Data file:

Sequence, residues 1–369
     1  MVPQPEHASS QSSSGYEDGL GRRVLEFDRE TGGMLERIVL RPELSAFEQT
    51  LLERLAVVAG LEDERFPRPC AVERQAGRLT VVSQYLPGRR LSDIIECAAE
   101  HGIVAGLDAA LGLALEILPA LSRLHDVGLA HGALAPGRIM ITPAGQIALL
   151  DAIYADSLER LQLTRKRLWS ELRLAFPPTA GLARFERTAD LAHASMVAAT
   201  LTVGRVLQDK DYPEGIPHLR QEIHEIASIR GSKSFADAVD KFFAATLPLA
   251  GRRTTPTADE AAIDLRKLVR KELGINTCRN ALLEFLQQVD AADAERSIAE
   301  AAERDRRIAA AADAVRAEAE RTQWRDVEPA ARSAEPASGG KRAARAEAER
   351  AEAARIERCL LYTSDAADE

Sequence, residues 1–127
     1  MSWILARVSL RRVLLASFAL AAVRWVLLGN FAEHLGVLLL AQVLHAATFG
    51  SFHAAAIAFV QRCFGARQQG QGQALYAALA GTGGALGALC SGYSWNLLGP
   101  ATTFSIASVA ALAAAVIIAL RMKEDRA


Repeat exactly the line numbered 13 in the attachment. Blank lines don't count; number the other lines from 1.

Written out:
   101  ATTFSIASVA ALAAAVIIAL RMKEDRA